We used data from a case-control study examining several risk factors for CKD 17-19
. The study population consisted of hospital patients and community controls, age 30-79 years residing in North Carolina between 1980 and 1982.
Cases were patients from one of four North Carolina medical centers (Duke University Medical Center, North Carolina Memorial Hospital, Charlotte Memorial Hospital and North Carolina Baptist Hospital) with newly diagnosed CKD, identified by review of kidney-related ICD-9 discharge diagnoses. Potential cases had at least one of the following ICD-9 codes given as part of their discharge diagnosis: 250.4 (diabetes with renal manifestations), 403 (hypertensive renal disease), 404 (hypertensive heart and renal disease), 582 (chronic glomerulonephritis, including interstitial nephritis), 583 (nephritis and nephropathy, including diabetic nephropathy), 585 (chronic renal failure), 586 (renal failure, unspecified), 587 (renal sclerosis, unspecified), 590.0 (chronic pyelonephritis), 590.8 (other pyelonephritis, not specified as chronic or acute), and 593.9 (unspecified disorder of kidney and ureter). Inclusion criteria required that patients, in addition to having newly diagnosed CKD, also had 2 or more measurements of serum creatinine, all of which must have been greater than 1.5 mg/dL. Patients were excluded on the basis of age under 30 years, residence outside North Carolina, preexisting kidney disease or evidence of prior creatinine measurements greater than 1.5 mg/dL (ascertained from medical histories and chart review), and evidence of normal kidney function (despite the diagnosis of CKD). In addition, patients with systemic lupus erythematosus, polycystic kidney disease, or missing silica exposure data were excluded.
Controls were selected using random digit dialing and Medicare recipient listings and were frequency matched to case patients by age (within 5 years), gender, race and proximity to the hospital (residence in or adjacent to counties containing study hospitals). Medical histories and exposure data were obtained for both cases and controls with telephone interviews conducted by trained study personnel.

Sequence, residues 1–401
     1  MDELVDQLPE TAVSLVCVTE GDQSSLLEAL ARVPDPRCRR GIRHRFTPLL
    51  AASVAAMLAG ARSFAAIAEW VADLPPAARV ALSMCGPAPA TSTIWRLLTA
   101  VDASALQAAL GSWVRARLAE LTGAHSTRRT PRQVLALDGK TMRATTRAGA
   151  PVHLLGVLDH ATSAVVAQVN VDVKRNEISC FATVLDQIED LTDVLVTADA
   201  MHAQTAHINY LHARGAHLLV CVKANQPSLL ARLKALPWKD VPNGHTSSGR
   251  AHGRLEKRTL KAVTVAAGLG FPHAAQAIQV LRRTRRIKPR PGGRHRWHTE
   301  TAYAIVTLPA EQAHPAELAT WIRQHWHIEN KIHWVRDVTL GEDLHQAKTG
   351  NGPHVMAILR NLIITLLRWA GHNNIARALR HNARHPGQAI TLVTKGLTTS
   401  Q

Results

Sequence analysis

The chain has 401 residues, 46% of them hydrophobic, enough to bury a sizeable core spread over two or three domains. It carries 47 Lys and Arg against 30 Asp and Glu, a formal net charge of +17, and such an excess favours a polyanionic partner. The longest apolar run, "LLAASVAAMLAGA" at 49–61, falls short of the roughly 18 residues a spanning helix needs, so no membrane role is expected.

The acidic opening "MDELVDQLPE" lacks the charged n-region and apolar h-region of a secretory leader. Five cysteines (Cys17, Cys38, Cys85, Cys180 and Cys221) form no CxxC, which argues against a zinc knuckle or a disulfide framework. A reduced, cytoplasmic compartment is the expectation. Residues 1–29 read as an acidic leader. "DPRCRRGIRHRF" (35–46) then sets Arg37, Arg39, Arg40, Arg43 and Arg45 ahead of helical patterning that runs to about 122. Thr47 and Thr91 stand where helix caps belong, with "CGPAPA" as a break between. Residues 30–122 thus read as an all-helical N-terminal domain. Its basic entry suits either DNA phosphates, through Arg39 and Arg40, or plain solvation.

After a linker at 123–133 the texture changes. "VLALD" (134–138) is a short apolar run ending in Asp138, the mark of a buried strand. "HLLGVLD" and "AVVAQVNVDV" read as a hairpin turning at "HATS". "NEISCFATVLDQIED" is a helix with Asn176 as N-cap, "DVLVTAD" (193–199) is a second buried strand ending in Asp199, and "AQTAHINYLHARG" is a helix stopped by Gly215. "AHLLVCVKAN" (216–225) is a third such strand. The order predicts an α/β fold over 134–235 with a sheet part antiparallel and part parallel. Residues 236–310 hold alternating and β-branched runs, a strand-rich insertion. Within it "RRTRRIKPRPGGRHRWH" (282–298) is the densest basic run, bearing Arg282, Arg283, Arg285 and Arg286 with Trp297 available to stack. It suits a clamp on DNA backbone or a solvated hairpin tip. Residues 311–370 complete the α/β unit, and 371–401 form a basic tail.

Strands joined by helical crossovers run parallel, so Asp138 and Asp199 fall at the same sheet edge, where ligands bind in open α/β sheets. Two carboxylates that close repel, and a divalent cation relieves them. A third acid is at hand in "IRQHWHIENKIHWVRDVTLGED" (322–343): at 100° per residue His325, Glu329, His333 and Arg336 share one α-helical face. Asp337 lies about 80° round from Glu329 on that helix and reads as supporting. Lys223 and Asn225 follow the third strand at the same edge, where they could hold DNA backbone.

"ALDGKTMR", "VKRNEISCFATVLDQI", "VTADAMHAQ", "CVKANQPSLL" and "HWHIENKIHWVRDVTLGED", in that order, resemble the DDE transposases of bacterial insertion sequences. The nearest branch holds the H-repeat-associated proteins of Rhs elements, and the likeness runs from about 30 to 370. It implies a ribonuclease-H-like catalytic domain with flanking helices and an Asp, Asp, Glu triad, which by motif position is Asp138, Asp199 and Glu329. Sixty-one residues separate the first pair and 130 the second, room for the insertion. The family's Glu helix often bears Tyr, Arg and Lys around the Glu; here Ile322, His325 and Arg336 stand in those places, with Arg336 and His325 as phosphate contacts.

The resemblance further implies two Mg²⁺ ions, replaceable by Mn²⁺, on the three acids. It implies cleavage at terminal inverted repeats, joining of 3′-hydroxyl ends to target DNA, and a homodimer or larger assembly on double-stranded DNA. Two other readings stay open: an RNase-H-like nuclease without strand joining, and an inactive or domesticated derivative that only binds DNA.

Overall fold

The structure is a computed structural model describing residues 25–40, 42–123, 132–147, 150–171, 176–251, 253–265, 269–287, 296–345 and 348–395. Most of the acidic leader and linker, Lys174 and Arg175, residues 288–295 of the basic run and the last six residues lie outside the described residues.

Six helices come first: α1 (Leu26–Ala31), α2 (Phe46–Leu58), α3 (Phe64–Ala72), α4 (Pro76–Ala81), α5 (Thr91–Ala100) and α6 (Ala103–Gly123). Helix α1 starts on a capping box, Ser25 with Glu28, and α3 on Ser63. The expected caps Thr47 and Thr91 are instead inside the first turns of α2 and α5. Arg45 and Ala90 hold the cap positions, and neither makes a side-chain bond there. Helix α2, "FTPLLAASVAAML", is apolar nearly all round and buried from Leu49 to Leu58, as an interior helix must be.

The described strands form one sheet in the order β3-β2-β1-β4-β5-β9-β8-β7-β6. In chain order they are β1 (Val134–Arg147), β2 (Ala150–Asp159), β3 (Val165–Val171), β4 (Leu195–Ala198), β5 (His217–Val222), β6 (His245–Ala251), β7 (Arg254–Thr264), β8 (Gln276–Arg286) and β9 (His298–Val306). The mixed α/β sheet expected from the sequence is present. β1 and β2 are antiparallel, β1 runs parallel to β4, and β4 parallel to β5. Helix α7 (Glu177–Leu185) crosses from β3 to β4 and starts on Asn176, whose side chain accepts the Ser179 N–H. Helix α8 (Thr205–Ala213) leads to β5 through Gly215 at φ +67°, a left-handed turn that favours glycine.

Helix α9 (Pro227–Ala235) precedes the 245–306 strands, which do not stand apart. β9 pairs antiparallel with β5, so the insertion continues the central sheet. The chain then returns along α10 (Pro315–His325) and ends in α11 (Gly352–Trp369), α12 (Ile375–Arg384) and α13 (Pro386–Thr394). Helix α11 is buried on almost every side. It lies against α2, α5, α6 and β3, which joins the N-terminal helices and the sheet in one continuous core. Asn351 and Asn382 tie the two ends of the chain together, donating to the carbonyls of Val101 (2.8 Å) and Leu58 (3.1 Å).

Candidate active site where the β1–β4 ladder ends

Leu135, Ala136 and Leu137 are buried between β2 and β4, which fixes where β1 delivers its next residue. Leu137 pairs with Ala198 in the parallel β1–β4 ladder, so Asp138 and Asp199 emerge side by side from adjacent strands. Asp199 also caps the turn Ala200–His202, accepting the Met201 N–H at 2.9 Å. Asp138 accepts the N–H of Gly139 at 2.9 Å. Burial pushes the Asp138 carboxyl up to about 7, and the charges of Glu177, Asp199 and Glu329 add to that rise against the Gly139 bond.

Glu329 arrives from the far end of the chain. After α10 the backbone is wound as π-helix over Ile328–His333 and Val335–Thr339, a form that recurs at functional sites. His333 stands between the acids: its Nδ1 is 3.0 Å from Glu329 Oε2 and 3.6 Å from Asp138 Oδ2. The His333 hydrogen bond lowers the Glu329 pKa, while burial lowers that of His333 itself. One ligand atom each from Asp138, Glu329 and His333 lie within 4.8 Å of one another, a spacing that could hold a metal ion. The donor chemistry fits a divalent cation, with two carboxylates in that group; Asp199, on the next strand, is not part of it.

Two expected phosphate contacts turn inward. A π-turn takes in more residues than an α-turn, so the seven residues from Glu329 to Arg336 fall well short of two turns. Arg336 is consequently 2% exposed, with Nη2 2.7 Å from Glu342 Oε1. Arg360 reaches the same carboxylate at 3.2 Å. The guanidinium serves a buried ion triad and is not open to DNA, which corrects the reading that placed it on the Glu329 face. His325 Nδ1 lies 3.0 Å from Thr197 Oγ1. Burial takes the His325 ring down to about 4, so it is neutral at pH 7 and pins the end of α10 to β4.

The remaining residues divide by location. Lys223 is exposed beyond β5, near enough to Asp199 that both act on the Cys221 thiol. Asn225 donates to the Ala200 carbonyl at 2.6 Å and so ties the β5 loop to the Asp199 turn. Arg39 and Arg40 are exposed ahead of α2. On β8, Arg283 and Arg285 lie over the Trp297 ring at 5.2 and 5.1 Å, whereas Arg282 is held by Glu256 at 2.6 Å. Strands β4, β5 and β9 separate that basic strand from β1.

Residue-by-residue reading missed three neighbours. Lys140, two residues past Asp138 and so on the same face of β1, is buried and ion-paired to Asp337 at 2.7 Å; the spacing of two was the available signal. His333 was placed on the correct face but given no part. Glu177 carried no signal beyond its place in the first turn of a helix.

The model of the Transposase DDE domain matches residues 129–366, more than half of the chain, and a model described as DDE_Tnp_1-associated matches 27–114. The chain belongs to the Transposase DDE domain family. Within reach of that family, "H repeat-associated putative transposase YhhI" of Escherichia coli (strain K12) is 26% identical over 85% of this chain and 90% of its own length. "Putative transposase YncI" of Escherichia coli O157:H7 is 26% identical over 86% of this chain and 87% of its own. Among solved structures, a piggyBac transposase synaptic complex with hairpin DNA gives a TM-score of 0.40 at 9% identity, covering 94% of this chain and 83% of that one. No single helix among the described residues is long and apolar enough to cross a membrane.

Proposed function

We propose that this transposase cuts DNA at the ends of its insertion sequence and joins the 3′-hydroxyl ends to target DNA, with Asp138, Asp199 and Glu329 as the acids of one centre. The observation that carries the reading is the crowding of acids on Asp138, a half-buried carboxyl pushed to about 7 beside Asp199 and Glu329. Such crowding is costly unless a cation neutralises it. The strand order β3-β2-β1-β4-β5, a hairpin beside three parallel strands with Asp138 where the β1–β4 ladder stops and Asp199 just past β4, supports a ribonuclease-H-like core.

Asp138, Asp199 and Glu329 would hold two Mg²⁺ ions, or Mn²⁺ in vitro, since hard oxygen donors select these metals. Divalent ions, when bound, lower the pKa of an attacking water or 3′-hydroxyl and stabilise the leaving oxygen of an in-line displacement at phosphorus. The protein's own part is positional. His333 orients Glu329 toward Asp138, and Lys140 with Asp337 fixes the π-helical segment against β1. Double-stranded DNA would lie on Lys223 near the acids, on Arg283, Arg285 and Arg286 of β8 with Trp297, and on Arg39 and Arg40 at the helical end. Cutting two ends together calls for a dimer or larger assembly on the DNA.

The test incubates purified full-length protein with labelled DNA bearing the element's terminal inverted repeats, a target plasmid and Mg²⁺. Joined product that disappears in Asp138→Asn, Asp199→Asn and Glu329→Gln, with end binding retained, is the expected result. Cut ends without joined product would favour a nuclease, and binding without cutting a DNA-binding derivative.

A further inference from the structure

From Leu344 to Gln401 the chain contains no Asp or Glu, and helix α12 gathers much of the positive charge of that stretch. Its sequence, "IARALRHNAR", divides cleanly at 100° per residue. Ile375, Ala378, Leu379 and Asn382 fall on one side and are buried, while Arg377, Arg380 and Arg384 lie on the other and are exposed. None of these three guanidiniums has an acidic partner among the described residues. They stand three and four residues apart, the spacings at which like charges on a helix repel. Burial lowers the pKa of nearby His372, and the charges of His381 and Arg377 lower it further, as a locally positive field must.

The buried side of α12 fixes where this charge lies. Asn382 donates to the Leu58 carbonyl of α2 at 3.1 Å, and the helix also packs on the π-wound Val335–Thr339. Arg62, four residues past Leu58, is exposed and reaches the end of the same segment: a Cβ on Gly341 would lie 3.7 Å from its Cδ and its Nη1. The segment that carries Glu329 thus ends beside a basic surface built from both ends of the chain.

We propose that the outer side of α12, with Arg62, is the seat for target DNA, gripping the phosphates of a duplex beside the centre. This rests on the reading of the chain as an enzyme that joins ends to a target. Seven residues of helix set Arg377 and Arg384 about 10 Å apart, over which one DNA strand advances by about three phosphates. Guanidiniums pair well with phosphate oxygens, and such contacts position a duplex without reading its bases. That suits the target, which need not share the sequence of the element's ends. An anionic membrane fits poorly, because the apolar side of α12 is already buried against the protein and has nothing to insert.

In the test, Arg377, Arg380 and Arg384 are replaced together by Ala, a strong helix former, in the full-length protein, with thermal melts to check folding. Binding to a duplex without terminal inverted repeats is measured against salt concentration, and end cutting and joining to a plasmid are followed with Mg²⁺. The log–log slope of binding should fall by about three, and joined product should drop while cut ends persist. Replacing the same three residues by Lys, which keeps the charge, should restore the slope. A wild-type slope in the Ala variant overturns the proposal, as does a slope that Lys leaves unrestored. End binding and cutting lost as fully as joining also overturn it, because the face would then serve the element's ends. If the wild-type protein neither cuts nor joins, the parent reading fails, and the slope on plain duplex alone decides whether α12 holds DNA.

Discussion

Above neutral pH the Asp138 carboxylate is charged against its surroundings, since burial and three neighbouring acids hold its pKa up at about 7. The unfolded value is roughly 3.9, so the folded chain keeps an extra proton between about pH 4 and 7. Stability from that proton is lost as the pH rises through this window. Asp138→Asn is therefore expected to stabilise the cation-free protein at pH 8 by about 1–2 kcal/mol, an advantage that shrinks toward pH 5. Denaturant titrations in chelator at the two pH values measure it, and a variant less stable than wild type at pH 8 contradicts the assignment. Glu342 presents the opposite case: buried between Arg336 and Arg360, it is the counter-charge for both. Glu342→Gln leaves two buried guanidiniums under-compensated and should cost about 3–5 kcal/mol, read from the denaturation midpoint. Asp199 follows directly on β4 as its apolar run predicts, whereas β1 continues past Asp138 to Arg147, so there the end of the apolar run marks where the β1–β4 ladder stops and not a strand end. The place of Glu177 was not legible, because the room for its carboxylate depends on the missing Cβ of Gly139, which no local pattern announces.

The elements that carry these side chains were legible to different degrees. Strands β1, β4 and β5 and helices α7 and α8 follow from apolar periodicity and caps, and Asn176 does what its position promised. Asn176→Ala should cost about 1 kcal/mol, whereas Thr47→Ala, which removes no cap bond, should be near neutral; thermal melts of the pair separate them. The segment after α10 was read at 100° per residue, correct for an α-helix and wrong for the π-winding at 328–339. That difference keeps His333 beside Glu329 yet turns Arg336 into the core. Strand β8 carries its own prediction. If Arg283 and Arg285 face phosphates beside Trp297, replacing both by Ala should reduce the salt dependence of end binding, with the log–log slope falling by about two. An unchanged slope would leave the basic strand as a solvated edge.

Six hundred and seven of 709 case patients could be contacted for interview, 554 of whom (91%) participated in the study (78% overall response rate for cases). Among the control participants, 608 of 717 could be contacted and 520 (86%) were interviewed (73% overall response rate for controls). Interviews revealed 4 controls with a history of probable kidney disease and these participants were excluded from the study. Job histories were provided by proxy for 302 cases. (Proxies included, for example, a spouse or caregiver). After also excluding those with missing silica exposure data, a total of 504 cases and 457 controls were included in the analysis. The sample demographics were similar before and after exclusions.
A detailed account of participants’ work history was collected. In addition to general questions on exposure to sand or silica and employment in industries or occupations with potential for exposure (e.g. stone, clay, glass manufacturing), data were collected on all jobs that were held for two or more consecutive years. Along with open-ended descriptions of job-specific activities and what the employer specialized in, participants were also asked (1) if, for each reported job, they were exposed to sand or silica at least 5 times; or (2) if they were exposed to other dusty conditions at least 5 times.